One learns to lifp; another, not to see:
Miss D-, tottering, catches at your hand:
Was ever thing to pretty born to stand ?
Whilft these, what nature gave, disown, through pride,
Others affect what nature has deny'd ;
What nature has deny'd, fools will pursue,
As apes are ever walking upon two.
CRASSUS, a grateful fage, our awe and sport!
Supports grave forms; for forms the fage support.
He hems; and cries, with an important air,
“ If yonder clouds withdraw it will be fair :"
Then quotes the Stag prite, to prove it true;
And adds, “ The learn'd delight in something new."
Is't not enough the blockhead scarce can read,
But must he wisely look, and gravely plead?
As far a formalift from wisdom fits,
In judging eyes, as libertines from wits.
These subtle wights (so blind are mortal men,
'Though Satire couch them with her keenest pen)
For ever will hang out a solemn face,
To put off nonsense with a better
As pedlars with some hero's head make bold,
Illustrious mark! where pins are to be fold.
What's the bent brow, or neck in thought reclin'd?
The body's wisdom to conceal the mind.
A man of sense can artifice disdain;
As men of wealth may venture to go plain;
And be this truth eternal ne'er forgot,
Solemnity's a cover for a fot.
I find the fool, when I behold the skreen;
For 'tis the wise man's interest to be seen.
Hence, that openness of heart,
And just disdain for that poor mimic art;
Hence (manly praise !) that manner nobly free,
Which all admire, and I commend, in thee.
With generous scorn how oft haft thou furvey'd
Of court and town the noontide masquerade;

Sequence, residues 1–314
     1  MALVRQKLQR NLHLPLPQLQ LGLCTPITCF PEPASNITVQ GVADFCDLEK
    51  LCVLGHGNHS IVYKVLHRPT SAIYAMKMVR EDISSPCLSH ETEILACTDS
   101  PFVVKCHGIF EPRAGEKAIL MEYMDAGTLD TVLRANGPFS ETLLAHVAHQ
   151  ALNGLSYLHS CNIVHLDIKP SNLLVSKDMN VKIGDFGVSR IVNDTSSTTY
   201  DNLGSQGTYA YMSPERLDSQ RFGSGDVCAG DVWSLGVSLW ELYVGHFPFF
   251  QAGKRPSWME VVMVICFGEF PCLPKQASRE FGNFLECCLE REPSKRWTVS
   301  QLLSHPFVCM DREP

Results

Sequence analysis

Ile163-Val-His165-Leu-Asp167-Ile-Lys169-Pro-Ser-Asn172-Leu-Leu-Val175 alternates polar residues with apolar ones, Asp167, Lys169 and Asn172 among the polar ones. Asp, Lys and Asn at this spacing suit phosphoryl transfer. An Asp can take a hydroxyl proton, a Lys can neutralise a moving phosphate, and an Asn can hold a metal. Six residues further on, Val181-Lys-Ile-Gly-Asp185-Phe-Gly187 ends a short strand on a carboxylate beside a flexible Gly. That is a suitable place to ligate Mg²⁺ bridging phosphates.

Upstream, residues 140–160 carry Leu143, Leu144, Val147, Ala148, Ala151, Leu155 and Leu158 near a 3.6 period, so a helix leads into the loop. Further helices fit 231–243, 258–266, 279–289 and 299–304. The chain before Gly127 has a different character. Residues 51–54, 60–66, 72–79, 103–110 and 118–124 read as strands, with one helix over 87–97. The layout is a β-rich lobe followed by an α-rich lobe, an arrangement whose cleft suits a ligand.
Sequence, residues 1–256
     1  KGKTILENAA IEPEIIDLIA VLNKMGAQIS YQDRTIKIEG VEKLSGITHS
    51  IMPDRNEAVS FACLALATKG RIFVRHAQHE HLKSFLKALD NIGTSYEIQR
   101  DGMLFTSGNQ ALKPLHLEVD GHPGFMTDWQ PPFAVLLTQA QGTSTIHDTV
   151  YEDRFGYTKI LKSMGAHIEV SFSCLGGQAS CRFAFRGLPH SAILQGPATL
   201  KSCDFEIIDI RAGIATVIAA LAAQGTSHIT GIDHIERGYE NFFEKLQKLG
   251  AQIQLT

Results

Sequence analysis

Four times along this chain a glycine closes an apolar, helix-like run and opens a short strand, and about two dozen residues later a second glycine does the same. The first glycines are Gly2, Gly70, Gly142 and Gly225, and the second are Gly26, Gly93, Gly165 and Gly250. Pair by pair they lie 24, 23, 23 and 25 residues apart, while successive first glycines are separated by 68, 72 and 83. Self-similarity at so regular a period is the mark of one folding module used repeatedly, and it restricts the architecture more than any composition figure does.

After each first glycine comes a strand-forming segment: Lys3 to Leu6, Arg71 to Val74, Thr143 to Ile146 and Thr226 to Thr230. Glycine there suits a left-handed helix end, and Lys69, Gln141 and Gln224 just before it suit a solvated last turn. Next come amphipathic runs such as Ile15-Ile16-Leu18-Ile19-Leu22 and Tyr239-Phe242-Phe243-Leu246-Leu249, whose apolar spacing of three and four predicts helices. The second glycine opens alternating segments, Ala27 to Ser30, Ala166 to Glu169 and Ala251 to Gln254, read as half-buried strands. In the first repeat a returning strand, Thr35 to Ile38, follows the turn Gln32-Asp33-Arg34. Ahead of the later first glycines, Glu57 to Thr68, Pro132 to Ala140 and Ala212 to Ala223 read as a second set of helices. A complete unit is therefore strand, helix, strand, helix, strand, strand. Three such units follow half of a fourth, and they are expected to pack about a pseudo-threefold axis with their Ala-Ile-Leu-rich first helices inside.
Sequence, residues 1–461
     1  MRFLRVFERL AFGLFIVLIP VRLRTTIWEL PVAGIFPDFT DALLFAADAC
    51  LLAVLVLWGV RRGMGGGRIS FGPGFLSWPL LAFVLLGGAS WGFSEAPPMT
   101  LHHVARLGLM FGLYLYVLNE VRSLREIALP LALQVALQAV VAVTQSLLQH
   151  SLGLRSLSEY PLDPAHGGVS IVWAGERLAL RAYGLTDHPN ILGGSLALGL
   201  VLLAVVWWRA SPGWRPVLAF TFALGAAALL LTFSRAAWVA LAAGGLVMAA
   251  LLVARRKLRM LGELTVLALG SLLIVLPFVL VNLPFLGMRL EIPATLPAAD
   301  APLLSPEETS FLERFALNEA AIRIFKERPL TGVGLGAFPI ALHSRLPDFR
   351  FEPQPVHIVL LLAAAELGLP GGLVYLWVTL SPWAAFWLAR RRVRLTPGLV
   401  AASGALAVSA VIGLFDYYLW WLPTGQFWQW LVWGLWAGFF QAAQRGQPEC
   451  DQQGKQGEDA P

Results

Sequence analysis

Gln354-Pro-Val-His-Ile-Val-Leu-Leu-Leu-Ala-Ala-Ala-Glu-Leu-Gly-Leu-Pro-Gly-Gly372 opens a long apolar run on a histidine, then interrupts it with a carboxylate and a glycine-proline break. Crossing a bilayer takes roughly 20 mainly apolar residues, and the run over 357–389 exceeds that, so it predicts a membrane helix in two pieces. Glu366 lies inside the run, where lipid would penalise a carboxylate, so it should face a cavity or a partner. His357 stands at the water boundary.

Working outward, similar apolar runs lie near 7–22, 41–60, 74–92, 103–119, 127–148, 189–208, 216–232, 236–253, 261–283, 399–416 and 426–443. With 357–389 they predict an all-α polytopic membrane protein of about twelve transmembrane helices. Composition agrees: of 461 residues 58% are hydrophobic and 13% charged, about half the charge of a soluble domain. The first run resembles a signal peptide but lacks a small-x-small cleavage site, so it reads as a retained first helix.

Where swarms of knaves the vizor quite disgrace,
And hide secure behind a naked face ?
Where nature's end of language is declin'd,
And men talk only to conceal the mind;
Where gen'rous hearts the greatest hazard run,
And he who trusts a brother, is undone ?
These all their care expend on outward show
For wealth and fame ; for fame alone, the beau.
Of late at White’s was young Florello seen!
How blank his look! how discompos'd his mien !
So hard it proves in grief fincere to feign!
Sunk were his spirits ; for his coat was plain.
Next day his breast regain'd its wonted peace ;
His health was mended with a silver lace.
A curious artist, long inur'd to toils
Of gentler forts with combs, and fragrant oils,
Whether by chance, or by fome god inspir'd,
So touch'd his curls, his mighty soul was fir’d.
The well-swoln ties an equal homage claim,
And either shoulder has its share of fame;
His sumptuous watch-case, tho' conceal'd it lies,
Like a good conscience, folid joy supplies.
He only thinks himself (so far from vain!)
STPe in wit, in breeding D-L-E.
Whene'er, by seeming chance, he throws his eye
On mirrors that reflect his Tyrian dye,
With how sublime a transport leaps his heart!
But fate ordains that dearest friends muft part.
In active measures, brought from France, he wheels
And triumphs, conscious of his learned beels.
So have I seen, on fome bright summer's day,
A calf of genius, debonnair and gay,
Dance on the bank, as if inspir'd by fame,
Fond of the pretty fellow in the stream.
Morose is funk with shame, whene'er surpris'd
In linen clean, or peruke undisguis'd.
No sublunary chance his vestments fear;
Valu'd, like leopards, as their spots appear.
A fam'd furtout he wears, which one was blue,
And his foot swims in a capacious shoe;
One day his wife (for who can wives reclaim :)
Leveli'd her barb'rous needle at his fame :
But open force was vain; by night she went,
And, while he slept, furpris'd the darling rent:
Where yawn'd the frieze is now become a doubts
And glory, at one entrance, quite fout out *.